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Never mind April; July can deliver a pretty cruel kick for the filmgoer who is pre-maturely relaxed into holiday mood and expecting sheerly enjoyable escapism from what should be safe bets: Japanese horror, French flics, the souvenir of a pop concert by a venerable group . . . Disappointments thud into the solar plexus and even sure-fire formulas splutter like damp squibs.

Janácek created an operatic masterpiece from a comic strip, but the Disney Theme Park ride behind Pirates of the Caribbean has sparked no Cunning Little Vixen. The latest in what is emerging as a saga (the third film is apparently ready, on the mass-production lines of The Lord of the Rings) serves up the mixture as before: part-ironic nods at the genre’s clichés (even the alternative title Dead Man’s Chest is taken from Stevenson, though with an added biological pun), eye-catching computer graphics, rollicking action and, the cherry on the cake – perhaps even the fairy on the Christmas tree – Johnny Depp’s outrageous pirate Captain Jack Sparrow, he who makes Roger jolly.

Depp again steals the show, combining time-honoured elements of conman, cowardly braggart, inexhaustible improviser and cheerful self-seeker with the camp daintiness unexpectedly glimpsed in the greatest comic performers. Mascara-ed and mincing, running like (besides apparently wearing) a big girl’s blouse, Sparrow combines Parolles from All’s Well with Sergeant Bilko.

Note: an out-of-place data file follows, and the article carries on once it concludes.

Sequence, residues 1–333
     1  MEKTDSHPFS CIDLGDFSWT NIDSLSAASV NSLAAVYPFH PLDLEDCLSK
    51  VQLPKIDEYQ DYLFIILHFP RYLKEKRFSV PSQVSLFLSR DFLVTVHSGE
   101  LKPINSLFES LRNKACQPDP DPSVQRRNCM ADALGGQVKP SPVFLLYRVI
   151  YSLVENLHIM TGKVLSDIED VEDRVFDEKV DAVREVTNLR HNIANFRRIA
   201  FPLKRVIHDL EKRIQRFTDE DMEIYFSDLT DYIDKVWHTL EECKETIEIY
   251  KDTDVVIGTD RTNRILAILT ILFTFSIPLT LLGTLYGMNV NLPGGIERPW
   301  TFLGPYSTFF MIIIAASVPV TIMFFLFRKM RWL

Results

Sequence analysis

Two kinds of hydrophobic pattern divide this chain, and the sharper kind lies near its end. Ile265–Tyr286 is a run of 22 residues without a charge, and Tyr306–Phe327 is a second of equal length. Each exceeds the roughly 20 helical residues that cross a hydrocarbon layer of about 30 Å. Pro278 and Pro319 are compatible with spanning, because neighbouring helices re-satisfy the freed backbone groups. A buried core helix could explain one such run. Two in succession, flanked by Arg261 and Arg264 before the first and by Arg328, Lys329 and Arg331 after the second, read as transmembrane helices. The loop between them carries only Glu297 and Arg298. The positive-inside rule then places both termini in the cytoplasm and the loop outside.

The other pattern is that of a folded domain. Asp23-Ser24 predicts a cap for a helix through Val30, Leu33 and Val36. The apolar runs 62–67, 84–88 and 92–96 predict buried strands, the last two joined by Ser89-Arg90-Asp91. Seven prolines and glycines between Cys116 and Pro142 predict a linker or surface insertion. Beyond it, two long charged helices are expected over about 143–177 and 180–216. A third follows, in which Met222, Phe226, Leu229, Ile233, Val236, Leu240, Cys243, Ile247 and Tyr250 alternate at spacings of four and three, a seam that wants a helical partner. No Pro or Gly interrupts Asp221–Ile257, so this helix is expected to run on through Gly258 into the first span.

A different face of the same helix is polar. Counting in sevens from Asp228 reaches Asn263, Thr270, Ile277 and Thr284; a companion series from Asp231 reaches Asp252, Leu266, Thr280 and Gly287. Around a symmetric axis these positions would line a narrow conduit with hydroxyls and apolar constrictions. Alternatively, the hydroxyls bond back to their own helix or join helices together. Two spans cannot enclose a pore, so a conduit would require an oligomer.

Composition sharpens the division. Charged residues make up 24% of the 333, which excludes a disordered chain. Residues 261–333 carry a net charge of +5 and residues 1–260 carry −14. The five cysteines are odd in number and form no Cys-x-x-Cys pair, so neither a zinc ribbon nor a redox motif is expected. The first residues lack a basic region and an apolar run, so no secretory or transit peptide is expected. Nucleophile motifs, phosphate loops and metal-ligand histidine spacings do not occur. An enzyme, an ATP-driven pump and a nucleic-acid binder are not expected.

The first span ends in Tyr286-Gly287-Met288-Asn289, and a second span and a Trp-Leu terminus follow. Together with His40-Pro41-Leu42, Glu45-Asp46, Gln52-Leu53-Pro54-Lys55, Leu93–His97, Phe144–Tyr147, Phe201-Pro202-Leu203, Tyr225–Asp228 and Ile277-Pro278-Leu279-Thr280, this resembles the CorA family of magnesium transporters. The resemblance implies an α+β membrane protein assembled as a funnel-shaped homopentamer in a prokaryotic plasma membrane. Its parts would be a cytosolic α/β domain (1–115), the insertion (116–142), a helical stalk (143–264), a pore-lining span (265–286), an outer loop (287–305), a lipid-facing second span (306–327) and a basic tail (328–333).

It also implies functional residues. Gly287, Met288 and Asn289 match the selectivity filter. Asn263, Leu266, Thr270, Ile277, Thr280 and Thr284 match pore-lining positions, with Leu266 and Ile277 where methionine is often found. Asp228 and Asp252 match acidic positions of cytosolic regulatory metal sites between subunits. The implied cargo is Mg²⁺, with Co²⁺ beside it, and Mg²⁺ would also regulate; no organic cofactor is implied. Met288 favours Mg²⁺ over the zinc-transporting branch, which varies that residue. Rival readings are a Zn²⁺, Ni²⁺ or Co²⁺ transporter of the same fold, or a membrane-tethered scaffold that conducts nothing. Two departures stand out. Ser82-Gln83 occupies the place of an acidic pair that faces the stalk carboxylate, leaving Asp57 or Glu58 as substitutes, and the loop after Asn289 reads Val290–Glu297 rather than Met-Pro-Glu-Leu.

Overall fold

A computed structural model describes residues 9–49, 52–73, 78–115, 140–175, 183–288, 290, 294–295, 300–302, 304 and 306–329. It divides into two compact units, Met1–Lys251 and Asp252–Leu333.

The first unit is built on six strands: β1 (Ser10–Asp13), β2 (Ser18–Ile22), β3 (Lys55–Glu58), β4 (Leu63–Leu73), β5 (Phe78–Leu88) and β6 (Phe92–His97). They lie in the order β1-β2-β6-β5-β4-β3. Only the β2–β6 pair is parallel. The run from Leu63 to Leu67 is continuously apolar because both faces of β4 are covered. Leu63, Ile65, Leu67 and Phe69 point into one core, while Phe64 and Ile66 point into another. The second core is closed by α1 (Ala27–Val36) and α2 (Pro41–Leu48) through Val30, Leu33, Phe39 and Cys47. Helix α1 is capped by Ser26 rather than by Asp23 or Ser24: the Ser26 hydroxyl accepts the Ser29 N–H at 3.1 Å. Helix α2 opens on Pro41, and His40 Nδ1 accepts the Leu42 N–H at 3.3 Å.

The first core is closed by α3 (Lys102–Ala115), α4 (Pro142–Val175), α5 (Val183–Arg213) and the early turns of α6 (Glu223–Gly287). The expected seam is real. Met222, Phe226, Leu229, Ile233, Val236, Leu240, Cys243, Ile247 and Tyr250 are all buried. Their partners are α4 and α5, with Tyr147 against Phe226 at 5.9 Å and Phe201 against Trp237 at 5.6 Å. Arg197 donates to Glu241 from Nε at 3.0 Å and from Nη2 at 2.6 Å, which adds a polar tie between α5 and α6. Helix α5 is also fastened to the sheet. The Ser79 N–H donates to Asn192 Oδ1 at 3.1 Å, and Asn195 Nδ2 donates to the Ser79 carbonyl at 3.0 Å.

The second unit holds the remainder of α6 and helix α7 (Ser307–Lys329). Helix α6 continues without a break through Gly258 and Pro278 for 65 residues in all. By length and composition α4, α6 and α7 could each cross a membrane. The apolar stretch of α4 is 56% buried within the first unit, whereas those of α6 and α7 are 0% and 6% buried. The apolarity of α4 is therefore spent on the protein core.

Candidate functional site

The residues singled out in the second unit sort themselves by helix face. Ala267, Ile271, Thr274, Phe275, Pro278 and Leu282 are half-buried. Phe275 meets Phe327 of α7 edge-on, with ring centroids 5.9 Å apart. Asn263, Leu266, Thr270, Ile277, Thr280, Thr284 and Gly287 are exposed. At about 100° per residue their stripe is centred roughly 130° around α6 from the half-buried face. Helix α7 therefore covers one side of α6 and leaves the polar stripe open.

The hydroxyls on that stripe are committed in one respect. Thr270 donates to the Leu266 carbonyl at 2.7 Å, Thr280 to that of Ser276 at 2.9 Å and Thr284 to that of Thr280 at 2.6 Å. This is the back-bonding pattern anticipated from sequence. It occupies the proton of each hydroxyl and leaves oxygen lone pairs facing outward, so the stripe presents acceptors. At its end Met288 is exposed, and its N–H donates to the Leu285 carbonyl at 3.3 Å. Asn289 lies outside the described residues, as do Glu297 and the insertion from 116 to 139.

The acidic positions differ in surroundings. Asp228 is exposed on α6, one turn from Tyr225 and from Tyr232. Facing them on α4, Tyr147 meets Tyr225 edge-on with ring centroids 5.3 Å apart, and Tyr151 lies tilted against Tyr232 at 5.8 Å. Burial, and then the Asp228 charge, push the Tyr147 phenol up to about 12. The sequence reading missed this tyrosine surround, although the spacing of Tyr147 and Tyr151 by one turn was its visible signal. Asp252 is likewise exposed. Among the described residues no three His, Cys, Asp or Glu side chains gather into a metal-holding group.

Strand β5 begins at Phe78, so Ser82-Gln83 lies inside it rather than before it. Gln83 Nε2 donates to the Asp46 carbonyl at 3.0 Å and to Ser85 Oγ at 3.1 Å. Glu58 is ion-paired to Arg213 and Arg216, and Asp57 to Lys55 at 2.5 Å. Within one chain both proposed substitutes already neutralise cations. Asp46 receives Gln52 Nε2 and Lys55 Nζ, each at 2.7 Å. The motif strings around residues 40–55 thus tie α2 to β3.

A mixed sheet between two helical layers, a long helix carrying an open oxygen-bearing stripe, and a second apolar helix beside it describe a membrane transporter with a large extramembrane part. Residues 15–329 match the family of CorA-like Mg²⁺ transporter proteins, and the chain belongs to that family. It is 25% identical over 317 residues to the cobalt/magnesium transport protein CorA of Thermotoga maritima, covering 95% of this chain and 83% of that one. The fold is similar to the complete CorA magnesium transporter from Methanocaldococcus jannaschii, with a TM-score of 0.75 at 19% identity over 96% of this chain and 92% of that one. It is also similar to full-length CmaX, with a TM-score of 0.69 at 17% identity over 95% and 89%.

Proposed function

He has little competition, apart from some impressive effects: Davy Jones’s barnacle-encrusted crew of the living dead (so how can they be sliced up in swordplay? Logic isn’t the plot’s strongest point), the giant kraken crushing ships into matchwood, and the waving squid tentacles of Davy Jones’s autonomous beard.

Jones is played by Bill Nighy but so heavily disguised, visually and vocally, that he could be anyone. Indeed, the cast in general ranges from the un-
distinguished (Orlando Bloom’s nondescript hero) to the talented listlessly calling it a day (Tom Hollander and Mackenzie Crook go through the motions). At 2½ hours the movie could shed, to put it charitably, 45 minutes. Humour is laboured, running gags lurch limply along, the plot is contrived-to-incomprehensible. Only Stellan Skarsgard, Bloom’s waterlogged, undead father, with real feeling shining through the piscine make-up that marks Davy Jones’s eternally damned crew, gives a glimpse of style. Go and see it for the effects.

Heading South is likely to be over-praised for ticking all the right political boxes while in fact remaining a torrid woman’s-
magazine love story. Three
holidaymakers in Haiti share the attentions of a local Adonis, Legba. French-Canadian Sue (Louise Portal) is pragmatic and cheerful. Ellen (the hypnotic Charlotte Rampling), considered snooty for her English accent, is an academic from Boston, ostensibly the most in control of herself and the situation. Brenda (Karen Young from The Sopranos) is the most complex: a late emotional developer, vulnerable, discovering love and sex in middle age.